Victoria Whale Watching Report: Humpback Whales, Killer Whales & Race Rocks Ecological Reserve
August 10, 2019
Our first stop this morning was Race Rocks Ecological Reserve. Which in the rain, was still stunning as always. Here we got to see many different species of animals that are native to the Salish Sea. The sea lions are always a favourite of the guests as these big guys can be very animated. One type seen on this trip is known as Steller Sea Lions, the biggest sea lion we have in our waters. These guys can get to be 2,400 pounds of blubber and are bigger than a Grizzly Bear! The skulls of a Steller Sea Lion are very similar to a grizzly but bigger even. Smaller, but still large is the Californian Sea Lions, who weighs in at around 600 pounds. These chocolate brown creatures bark like a dog and are the most commonly seen sea lions in an aquarium.
After Race Rocks, we went and looked for humpback whales! While searching we came across 3 individual whales. Two of these whales we were able to identify! One is known as Titan, and the other is known as Aerie. The third, because it only very lazily showed its tail, we were unable to identify. Humpback whales can be identified by the back side of their flukes or their tails and by their dorsal fins. The back side of their tail is made up of black, white and grey markings and scars from other animals and barnacles. These form to create a very unique pattern on the tail, which helps ID and categorizes the whales. Whales with 20% or less white are given a number with an X in it, 20-80% white is a number with a Y in it, and over 80% white is a number with a Z in it. For example, Aerie’s scientific number is MMY0106. Humpback Whales come to cold nutrient-rich waters of Vancouver Island to eat and gain back all the weight that they lost in their mating and calving grounds.
The whales and the rest of the wildlife made for a great trip. Filling everyone’s cameras and hearts full of memories.
This afternoon we set out with overcast skies but glass calm water and great excitement! We began our journey west, passing Race Rocks and Beecher Bay, eventually ending up a few miles off of Otter Point. Here, we were lucky enough to come across an exceptional number of Transient killer whales! This ecotype hunts marine mammals, and therefore usually travels in small groups of 2-5 animals to reduce their noise and increase stealth. This time, there were 12! These individuals are known as the T046’s (minus T046D), T046B’s and T046B1’s!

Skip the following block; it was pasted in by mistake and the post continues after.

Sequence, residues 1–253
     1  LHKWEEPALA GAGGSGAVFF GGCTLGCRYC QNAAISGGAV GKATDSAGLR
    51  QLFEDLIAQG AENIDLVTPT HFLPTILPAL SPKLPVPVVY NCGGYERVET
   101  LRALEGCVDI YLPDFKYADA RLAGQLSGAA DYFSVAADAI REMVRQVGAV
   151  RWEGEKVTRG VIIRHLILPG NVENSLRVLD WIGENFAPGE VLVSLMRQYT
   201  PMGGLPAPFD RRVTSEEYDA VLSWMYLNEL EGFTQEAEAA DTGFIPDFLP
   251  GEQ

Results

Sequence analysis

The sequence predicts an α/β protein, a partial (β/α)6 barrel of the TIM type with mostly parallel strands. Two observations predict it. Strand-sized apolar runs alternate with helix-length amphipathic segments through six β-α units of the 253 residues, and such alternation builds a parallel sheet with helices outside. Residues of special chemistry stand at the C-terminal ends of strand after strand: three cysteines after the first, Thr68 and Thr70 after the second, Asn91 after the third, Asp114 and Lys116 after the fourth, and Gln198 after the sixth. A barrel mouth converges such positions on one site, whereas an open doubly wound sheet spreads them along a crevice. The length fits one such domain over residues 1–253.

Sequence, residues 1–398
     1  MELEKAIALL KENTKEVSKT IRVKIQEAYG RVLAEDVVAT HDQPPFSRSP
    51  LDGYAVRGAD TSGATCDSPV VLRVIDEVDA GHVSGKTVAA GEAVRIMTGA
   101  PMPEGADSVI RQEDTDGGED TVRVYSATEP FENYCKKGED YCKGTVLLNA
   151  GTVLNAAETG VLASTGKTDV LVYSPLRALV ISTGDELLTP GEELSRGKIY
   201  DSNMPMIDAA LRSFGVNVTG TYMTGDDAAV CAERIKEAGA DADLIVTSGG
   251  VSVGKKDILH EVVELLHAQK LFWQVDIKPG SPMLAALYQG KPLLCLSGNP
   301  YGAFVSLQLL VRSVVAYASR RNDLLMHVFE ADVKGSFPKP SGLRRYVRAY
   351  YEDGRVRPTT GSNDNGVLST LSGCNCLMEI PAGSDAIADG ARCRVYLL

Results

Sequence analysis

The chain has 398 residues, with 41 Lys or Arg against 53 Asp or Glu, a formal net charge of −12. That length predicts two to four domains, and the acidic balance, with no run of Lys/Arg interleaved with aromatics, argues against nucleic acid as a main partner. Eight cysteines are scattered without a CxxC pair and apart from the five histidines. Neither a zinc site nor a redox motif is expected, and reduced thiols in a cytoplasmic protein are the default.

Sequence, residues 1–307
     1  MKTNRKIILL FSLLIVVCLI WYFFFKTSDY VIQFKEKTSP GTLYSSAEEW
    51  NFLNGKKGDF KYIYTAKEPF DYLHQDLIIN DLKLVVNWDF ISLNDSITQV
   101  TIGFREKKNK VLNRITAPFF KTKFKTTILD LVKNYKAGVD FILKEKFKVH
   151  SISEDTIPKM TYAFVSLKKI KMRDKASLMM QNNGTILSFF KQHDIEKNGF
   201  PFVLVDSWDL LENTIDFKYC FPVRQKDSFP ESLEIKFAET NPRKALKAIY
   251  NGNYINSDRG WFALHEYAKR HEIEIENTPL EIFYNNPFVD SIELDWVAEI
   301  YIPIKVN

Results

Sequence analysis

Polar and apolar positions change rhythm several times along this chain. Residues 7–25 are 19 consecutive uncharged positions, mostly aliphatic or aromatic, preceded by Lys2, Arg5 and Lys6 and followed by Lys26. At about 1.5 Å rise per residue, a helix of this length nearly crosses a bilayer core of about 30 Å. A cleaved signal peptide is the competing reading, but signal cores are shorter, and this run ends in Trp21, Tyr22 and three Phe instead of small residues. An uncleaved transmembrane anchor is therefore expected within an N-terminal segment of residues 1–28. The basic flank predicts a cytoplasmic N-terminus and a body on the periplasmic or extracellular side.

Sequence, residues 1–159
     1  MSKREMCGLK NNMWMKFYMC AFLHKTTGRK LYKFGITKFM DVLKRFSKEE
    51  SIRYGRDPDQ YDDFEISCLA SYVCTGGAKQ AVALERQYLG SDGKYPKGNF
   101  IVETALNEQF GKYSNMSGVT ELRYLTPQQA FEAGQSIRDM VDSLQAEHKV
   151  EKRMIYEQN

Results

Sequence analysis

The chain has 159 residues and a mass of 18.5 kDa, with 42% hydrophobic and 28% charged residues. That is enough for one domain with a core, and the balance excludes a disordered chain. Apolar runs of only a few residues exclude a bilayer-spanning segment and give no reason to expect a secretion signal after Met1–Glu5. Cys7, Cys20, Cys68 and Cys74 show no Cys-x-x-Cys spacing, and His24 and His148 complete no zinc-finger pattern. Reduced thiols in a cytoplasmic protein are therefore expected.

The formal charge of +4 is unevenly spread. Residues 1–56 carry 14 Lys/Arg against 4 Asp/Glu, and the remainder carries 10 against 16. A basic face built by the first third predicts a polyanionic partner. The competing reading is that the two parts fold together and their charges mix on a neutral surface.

All together, these groups are made up of four generations! This matriline is particularly well known and loved for many reasons. Firstly, T046 “Wake” survived captivity in Budd Inlet of Puget Sound in 1976. She was held for weeks, but was released and went on to have many strong offspring, and now a long lineage of exceptional reproductive females! One of the newest additions to her lineage is her great-grandson, T046B1B “Tl’uk”. His name means “moon” in Coast Salish which is very fitting for his unusual light grey pigmentation. Little “Tl’uk” has made headlines because of his colour which is likely caused by a genetic pigmentation condition called leucism. This is like albinism and affects multiple types of pigment, but not in the eyes.
We watched these killer whales as they travelled in 3 slightly dispersed groupings, joining and separating freely as they raced west.
When it was time to head home, we motored away slowly because we had seen many humpback whale blows ahead. We stopped briefly to watch a whale which we soon identified as Hemlock. Hemlock was actually “logging” which is their version of sleeping! They are voluntary breathers, meaning they have to actually think to take a breath, and therefore can’t ever go fully to sleep! Instead, they sleep with one half of the brain at a time and float at the surface…looking just like a log! When Hemlock woke up it surfaced slowly a few times before showing its unique fluke and doing for a deep dive.
Happy to have had wonderful encounters with two species of Cetacea, we made the smooth ride back to Victoria.
This evening we headed West into the Juan De Fuca Strait.
After a bit of travelling, we ended up with a Humpback Whale! There were also several more around us. We were able to figure out that the whale we spent time with was “Aerie” (MMY0106). Each humpback has a unique fluke, which is how we tell them apart. They vary in the amount of white pigmentation and have different shapes and patterns! These whales spend time in our area from Spring until Fall and use these waters as their feeding grounds. In the Winter time, they will leave to go back to places such as Mexico and Hawaii, which are their breeding grounds. They do not eat in their breeding grounds, so they spend this time of year gaining as much weight as possible to get them through the Winter. They have their calves in warmer waters because they would have a hard time surviving in our cold waters due to a lack of blubber and more predators! The Transient Killer Whales in our area prey on mammals such as humpback calves. We spent quite a bit of time with Aerie and enjoyed a beautiful sunset, before passing through Race Rocks to look at some more wildlife.
At Race Rocks, we were able to see some of our Pinniped species! There were several Harbour Seals hauled out on the rocks, as well as Steller and California Sea Lions. As we passed through this area we could hear the sea lions very loudly and several of them were fighting each other. They were very active tonight.
We then headed back to Victoria after a beautiful evening at sea!